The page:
March 27, 2021

What a tougher NFL personal conduct policy means for Deshaun Watson

The NFL’s investigation, which could take longer than the civil cases, is being led by…

The NFL’s investigation, which could take longer than the civil cases, is being led by Lisa Friel, a former prosecutor and chief of the sex crimes unit in the Manhattan District Attorney’s Office in New York. Friel was hired as a senior vice president and special counsel for investigations by the league in 2015. The job was created after the league was criticized for how it handled a disturbing domestic violence case involving former Baltimore running back Ray Rice after he was captured on surveillance video knocking out his wife with a punch at an Atlantic City, N.J., casino.

The Rice case is regarded as a watershed moment in the history of the NFL personal conduct policy.

Under the NFL’s since-enhanced policy, there’s now a baseline suspension of six games without pay for violations involving assault, battery, domestic violence, dating violence, child abuse or sexual assault. Even though no incident reports or criminal charges have been filed against Watson, he’s still subject to potential discipline if the league finds there’s credible evidence a violation occurred.

Thomas Santanello, a lawyer and former NFL agent based in Boca Raton, Fla., has had clients face league investigations, including former Pittsburgh Steelers and Raiders wide receiver Martavis Bryant. Out of the league now, Bryant was suspended multiple times under the substance-abuse policy.

“Ever since the Ray Rice incident, the NFL has had more of a high moral ground,” Santanello said. “In the court of public opinion during the ‘Me Too’ era, the NFL is going to always launch an investigation, and they’ll want the cooperation of everyone involved.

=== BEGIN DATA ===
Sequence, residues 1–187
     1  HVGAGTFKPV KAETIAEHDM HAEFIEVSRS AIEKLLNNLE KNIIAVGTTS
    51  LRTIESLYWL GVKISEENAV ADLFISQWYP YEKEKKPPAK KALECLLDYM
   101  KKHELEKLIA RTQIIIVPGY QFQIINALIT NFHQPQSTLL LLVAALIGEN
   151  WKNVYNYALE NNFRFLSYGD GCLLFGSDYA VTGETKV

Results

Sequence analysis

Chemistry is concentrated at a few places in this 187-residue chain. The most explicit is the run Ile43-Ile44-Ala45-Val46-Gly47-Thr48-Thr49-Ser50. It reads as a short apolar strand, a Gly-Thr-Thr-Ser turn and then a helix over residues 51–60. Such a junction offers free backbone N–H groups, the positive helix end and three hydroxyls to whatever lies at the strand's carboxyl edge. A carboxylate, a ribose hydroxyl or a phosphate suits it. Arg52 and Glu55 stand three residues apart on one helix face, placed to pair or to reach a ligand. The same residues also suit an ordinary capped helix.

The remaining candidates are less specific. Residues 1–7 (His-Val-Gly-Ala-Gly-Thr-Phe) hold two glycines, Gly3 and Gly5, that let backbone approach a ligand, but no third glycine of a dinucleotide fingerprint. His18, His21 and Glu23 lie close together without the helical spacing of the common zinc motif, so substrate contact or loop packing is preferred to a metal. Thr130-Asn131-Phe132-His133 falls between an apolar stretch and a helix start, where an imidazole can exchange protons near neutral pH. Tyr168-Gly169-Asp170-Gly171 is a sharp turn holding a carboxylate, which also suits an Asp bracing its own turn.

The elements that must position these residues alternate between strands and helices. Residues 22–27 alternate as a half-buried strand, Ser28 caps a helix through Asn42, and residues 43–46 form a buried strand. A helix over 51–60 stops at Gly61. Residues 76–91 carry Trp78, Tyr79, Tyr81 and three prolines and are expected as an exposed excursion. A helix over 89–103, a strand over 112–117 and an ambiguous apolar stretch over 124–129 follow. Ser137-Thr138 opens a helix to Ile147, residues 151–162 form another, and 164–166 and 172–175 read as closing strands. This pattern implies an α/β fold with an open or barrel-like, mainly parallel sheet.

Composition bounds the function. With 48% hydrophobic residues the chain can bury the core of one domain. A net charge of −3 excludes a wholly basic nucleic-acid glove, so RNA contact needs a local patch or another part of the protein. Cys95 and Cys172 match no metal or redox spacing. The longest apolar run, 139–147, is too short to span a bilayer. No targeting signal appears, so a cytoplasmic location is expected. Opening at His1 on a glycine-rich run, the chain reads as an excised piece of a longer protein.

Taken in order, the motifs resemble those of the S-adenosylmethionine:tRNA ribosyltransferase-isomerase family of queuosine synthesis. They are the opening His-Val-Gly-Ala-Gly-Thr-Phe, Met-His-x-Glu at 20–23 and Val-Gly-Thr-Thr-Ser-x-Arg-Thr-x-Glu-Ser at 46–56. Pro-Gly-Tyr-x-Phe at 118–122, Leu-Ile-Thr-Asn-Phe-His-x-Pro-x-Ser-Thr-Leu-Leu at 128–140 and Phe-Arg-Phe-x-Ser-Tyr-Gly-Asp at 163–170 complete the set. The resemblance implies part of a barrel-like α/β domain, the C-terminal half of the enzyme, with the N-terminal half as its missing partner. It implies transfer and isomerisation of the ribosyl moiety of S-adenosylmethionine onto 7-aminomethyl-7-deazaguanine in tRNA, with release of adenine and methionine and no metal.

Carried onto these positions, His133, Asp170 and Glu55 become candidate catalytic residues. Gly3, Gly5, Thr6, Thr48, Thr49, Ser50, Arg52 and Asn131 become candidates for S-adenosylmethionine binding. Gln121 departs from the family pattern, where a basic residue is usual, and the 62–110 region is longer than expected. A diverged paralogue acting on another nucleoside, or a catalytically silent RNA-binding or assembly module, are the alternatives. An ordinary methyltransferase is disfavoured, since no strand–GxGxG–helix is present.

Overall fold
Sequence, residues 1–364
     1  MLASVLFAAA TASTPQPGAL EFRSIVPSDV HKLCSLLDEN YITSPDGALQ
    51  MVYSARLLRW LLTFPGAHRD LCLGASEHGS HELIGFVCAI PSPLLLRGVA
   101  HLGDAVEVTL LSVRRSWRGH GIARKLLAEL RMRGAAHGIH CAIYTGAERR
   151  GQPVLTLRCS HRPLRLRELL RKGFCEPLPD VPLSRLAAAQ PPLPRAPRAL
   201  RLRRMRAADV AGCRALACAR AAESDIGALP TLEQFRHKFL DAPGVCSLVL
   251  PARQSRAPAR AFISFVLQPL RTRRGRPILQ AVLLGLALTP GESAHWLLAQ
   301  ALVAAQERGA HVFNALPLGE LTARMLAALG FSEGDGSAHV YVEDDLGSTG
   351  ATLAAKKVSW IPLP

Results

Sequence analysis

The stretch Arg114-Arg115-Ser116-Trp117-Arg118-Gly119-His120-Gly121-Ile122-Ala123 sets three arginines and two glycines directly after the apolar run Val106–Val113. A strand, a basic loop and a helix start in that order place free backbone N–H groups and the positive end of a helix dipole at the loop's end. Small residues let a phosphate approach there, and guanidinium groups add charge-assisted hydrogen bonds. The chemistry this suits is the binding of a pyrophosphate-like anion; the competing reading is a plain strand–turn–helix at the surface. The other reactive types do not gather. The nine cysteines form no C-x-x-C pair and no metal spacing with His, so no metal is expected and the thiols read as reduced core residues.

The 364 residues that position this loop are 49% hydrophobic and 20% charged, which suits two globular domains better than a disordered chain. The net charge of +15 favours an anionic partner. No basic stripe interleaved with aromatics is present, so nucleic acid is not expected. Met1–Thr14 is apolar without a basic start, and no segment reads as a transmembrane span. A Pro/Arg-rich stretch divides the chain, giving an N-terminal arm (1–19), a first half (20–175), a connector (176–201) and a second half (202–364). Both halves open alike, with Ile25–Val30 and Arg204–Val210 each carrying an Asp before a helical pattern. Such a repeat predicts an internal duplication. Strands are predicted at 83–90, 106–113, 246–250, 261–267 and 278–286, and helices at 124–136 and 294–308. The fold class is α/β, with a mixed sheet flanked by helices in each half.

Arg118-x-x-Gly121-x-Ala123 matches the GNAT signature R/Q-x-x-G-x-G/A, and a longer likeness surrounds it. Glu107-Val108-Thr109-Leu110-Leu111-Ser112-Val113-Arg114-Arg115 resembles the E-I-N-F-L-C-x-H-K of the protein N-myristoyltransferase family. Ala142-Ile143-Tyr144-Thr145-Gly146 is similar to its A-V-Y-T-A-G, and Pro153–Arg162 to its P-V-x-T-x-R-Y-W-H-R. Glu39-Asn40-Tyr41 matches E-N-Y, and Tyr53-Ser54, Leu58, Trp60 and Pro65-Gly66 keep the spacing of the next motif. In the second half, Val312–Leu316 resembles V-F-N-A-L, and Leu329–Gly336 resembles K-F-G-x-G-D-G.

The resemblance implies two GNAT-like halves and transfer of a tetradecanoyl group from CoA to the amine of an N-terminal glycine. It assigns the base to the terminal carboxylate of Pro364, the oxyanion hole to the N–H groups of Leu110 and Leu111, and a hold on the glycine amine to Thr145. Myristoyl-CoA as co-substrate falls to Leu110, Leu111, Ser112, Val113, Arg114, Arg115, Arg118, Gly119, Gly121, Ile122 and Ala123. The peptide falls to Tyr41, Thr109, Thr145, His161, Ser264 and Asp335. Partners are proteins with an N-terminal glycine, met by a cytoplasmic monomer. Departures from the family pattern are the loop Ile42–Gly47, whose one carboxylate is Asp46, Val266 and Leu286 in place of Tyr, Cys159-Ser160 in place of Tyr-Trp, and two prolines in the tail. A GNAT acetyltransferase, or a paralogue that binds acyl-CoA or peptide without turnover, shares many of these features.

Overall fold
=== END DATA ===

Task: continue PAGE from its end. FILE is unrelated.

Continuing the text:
“The NFL can punish you whether you’re found guilty or innocent. If you don’t cooperate with their investigation, you’re more likely to get suspended. It’s a real uphill fight when you’re in a tough situation like Deshaun is dealing with.”

Decisions on discipline are based on Friel’s and other investigators’ findings and recommendations. The revised collective bargaining agreement established a year ago has a disciplinary officer jointly approved by the NFL and the NFL Players Association determine any potential suspensions. Players are allowed to appeal any punishment, which would be heard by NFL commissioner Roger Goodell. Prior to the change, Goodell made the decisions on punishment, with appeals heard by one of his appointees.

There’s also a potential scenario where Watson could be placed on the commissioner’s exempt list. However, that doesn’t happen until during the season as an option for a player to be paid but essentially suspended while a case is still being investigated.

Personal Conduct Policy by Houston Chronicle on Scribd

Friel quickly contacted Houston attorney Tony Buzbee last week when the first cases were filed and requested permission to interview the attorney’s clients. Buzbee said he plans to cooperate with the NFL.

Atlanta-based attorney David Cornwell has represented several high-profile athletes in similar cases involving the NFL personal conduct policy, including Steelers quarterback Ben Roethlisberger when he was twice accused of sexual assault and suspended for six games in 2010, with the punishment eventually lowered to four games.